German Patent No. 37 21 934 A1 describes an antenna which uses a relatively low-resistive conductive layer. However, if antennas of the prior art are designed with layers of higher resistivity with better transparency, the antenna losses are relatively high, which results in comparatively low antenna capability. Such antenna losses have highly adverse effects, especially in the meter and decimeter (VHF) ranges.
It is therefore an object of the present invention to provide a windshield antenna, which avoids the loss of capacitance caused by limited conductivity in its conductive area.
Antennas according to the prior art have point-like contacts for connecting them to the area of limited conductivity formed by the conductive layer. High antenna current densities are thus produced within the zone of these contacts. These current densities contribute substantially to the antenna losses on the glass surface due to limited conductivity. The antenna according to the invention avoids this drawback through a suitable embodiment of a connection electrode.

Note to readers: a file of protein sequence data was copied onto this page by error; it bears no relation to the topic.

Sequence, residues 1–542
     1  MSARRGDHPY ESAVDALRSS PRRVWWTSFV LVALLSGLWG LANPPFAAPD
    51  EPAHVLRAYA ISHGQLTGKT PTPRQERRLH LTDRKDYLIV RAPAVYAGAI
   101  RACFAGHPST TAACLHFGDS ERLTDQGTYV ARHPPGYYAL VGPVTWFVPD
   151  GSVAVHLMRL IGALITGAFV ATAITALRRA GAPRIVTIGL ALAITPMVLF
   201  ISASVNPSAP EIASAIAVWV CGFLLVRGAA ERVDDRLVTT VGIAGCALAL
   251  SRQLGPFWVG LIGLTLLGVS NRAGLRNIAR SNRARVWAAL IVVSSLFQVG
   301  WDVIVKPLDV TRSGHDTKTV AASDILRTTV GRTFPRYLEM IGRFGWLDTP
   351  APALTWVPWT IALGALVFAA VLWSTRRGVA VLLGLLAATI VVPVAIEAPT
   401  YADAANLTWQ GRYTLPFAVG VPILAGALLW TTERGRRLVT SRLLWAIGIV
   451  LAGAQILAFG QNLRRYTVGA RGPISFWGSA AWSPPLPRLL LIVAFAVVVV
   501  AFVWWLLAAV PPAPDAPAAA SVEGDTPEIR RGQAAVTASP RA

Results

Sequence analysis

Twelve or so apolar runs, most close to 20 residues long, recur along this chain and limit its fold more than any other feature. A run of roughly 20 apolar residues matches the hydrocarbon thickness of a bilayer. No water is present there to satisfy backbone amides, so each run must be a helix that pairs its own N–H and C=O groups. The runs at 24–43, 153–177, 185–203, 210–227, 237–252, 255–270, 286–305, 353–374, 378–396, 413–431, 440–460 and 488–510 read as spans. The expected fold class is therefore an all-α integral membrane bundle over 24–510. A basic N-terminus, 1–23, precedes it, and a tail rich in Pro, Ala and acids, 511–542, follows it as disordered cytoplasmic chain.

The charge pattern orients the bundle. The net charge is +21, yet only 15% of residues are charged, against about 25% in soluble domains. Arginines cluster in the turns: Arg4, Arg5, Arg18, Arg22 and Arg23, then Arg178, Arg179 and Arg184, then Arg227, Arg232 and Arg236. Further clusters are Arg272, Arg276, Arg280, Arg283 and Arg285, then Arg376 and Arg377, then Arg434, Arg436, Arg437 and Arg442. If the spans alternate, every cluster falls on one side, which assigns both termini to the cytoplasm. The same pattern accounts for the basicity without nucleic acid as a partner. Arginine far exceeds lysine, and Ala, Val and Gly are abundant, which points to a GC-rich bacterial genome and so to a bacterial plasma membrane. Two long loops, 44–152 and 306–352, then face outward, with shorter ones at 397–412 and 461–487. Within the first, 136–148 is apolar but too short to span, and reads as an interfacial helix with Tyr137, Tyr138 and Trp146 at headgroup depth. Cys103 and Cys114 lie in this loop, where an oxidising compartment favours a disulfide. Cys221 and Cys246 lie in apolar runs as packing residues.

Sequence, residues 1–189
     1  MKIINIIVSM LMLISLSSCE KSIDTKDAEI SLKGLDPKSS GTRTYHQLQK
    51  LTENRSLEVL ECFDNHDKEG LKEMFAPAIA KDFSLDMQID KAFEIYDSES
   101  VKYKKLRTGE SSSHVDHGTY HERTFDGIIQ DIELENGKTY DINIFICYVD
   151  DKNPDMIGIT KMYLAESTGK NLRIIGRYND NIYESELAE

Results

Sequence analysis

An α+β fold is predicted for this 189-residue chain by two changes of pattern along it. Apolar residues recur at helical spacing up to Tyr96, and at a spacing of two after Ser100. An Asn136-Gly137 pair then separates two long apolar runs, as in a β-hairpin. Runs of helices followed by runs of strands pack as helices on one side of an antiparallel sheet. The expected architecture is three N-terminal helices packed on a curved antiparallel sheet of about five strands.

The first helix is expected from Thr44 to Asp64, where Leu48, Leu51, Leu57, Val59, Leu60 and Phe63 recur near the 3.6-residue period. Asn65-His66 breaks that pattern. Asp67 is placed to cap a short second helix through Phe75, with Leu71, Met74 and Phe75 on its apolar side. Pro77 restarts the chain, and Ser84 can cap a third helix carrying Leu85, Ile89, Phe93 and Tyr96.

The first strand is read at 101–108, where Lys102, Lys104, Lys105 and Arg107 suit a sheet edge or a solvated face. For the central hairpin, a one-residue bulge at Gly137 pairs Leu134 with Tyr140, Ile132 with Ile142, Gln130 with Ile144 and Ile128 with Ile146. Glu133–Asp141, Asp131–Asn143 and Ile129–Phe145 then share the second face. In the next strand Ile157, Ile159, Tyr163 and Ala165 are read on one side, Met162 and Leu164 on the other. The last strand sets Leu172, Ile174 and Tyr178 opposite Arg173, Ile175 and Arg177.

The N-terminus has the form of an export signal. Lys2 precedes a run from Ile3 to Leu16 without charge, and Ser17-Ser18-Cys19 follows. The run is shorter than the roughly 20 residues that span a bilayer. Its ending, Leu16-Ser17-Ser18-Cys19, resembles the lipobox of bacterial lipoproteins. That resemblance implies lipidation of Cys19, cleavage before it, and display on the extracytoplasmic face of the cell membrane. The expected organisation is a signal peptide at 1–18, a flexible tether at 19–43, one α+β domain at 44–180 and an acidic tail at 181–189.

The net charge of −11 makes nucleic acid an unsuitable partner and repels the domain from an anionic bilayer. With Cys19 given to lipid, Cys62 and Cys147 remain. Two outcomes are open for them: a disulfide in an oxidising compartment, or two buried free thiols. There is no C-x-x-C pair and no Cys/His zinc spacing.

The present invention provides an antenna for a windowpane or windshield, comprising a thin, electrically conductive layer flatly applied to an area of the window. The layer is transparent to light, is capable of reducing the transmission of heat through the windowpane, and creates a low-conductive area having non-negligible surface resistivity on the windowpane. Also provided is a substantially flat electrode made of highly conductive material, which is high-frequency connected with a reduced high-frequency loss at at least one edge to the low-conductive area, and also high frequency connected to an antenna connection point. The electrode has a length sufficiently large so as to minimize the loss created by the edge of the low-conductive area.
Other objects and features of the present invention will become apparent from the following detailed description considered in connection with the accompanying drawings. It is to be understood, however, that the drawings are designed as an illustration only and not as a definition of the limits of the invention.